The Essential Orson Welles - Touch of Evil
May 31 9:30pm PT
Add to Calendar 05/31/2014 21:30 05/31/2014 21:30 America/Los_Angeles The Essential Orson Welles - Touch of Evil One of Welles’s most sheerly entertaining efforts, Touch of Evil is a sordid noir of gray morality and striking black-and-white images, photographed by Douglas Sirk regular Russell Metty, set to the jazzy beat of Henry Mancini’s score.... View More [1] Event Details [2] Get Directions [3] [1] http://www.oscars.org/events/essential-orson-welles-touch-evil [2] http://www.oscars.org/events/essential-orson-welles-touch-evil [3] https://maps.google.com/maps?q=5905+Wilshire+Blvd%2C+Los+Angeles%2C+CA+90036&hl=en&iwloc=near&z=14&t=m 5905 Wilshire Blvd, Los Angeles, CA 90036 Oscars.org | Academy of Motion Picture Arts and Sciences web@oscars.org use-title
Orson Wells - Touch of Evil
The Essential Orson Welles - Touch of Evil

Bing Theater
Los Angeles County Museum of Art
5905 Wilshire Blvd
Los Angeles, CA 90036

One of Welles’s most sheerly entertaining efforts, Touch of Evil is a sordid noir of gray morality and striking black-and-white images, photographed by Douglas Sirk regular Russell Metty, set to the jazzy beat of Henry Mancini’s score.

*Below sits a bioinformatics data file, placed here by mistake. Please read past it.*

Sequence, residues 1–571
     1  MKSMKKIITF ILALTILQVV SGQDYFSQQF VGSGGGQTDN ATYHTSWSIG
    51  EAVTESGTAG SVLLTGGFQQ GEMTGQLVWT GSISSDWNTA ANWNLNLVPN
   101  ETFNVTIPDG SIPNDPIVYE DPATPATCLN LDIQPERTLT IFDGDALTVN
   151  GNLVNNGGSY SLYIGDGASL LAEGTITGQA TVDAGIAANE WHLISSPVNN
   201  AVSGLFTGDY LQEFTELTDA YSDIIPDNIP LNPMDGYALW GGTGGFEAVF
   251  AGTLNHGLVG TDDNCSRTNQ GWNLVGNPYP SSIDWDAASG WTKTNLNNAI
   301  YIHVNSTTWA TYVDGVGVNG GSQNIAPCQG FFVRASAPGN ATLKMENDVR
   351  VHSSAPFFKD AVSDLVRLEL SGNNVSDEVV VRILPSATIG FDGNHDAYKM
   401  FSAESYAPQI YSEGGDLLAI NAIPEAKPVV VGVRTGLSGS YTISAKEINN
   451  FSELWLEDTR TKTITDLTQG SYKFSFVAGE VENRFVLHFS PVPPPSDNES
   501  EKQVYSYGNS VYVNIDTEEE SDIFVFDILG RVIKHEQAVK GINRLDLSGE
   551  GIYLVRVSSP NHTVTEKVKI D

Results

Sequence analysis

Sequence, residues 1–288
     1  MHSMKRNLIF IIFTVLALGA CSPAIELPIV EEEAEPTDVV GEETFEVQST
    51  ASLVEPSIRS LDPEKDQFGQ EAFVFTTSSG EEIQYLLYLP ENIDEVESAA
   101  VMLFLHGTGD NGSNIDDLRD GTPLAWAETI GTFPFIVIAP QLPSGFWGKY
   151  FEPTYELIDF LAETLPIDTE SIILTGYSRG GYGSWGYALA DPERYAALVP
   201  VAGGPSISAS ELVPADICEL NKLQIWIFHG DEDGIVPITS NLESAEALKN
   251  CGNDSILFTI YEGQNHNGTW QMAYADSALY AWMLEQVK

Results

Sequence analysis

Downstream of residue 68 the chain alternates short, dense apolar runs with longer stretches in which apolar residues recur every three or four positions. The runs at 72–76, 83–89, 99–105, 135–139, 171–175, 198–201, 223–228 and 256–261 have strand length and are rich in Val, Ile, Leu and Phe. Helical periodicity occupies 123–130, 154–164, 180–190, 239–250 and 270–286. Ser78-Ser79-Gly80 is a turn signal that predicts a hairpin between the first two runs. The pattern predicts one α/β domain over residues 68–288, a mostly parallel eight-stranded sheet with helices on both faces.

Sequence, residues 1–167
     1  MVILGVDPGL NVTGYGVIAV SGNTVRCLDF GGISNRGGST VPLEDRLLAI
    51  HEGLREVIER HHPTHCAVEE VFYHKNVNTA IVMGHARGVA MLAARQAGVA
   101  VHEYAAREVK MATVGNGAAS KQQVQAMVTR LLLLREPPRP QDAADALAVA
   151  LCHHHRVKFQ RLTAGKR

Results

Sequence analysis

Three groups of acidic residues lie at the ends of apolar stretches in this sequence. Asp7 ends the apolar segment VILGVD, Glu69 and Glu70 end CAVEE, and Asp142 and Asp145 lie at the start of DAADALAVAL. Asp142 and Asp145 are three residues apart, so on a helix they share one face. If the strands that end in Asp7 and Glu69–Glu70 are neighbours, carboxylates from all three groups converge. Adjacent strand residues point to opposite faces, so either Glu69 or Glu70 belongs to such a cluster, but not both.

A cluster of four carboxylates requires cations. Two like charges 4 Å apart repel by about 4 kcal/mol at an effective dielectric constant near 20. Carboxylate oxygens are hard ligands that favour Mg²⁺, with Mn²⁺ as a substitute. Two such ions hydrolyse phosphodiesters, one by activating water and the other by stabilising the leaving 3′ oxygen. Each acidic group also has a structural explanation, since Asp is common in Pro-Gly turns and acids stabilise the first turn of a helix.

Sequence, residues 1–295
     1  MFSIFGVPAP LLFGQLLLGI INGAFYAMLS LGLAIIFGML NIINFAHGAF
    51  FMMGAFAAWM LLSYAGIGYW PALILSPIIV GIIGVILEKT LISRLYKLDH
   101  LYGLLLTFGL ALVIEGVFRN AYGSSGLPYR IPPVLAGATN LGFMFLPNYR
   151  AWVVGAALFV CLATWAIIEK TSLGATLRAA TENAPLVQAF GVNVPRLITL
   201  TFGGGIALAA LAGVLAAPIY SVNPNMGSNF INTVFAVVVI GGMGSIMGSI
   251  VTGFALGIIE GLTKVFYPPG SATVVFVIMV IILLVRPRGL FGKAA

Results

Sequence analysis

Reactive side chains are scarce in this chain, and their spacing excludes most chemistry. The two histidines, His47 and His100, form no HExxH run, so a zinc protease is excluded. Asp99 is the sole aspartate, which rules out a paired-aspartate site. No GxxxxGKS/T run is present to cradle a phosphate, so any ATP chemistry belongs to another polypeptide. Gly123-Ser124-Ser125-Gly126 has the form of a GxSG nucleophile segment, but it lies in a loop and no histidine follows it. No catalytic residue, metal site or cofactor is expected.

Charlton Heston is “Mike” Vargas, a Mexican narcotics officer whose investigation into a border town bombing leads to danger for himself and his new bride (Janet Leigh, before she discovered that the Bates Motel isn’t the only roadside inn she should avoid). The film begins with one of cinema’s greatest long takes, a resplendent choreography of camera movement and blocking that is nearly as complex as the story that ensues. Shot in Venice, California, and purported to be Welles’s Hollywood return, Touch of Evil boasts an impressive array of memorable performers and performances, including Akim Tamiroff as impish crime boss “Uncle” Joe Grandi, Dennis Weaver as a sketchy motel clerk, Marlene Dietrich as a brothel owner and uncredited appearances by Joseph Cotten, Zsa Zsa Gabor and Mercedes McCambridge. But towering over them all, figuratively and literally, is Welles himself as epically sleazy police captain Hank Quinlan, one of his most memorable screen personas. As Dietrich unforgettably puts it, “He was some kind of man. What does it matter what you say about people?”

1958, 95 minutes, black and white, new DCP | Written by Orson Welles, based on the novel by Whit Masterson; directed by Orson Welles; with Charlton Heston, Janet Leigh, Orson Welles, Joseph Calleia, Akim Tamiroff, Joanna Moore, Ray Collins, Dennis Weaver, Valentin De Vargas, Mort Mills.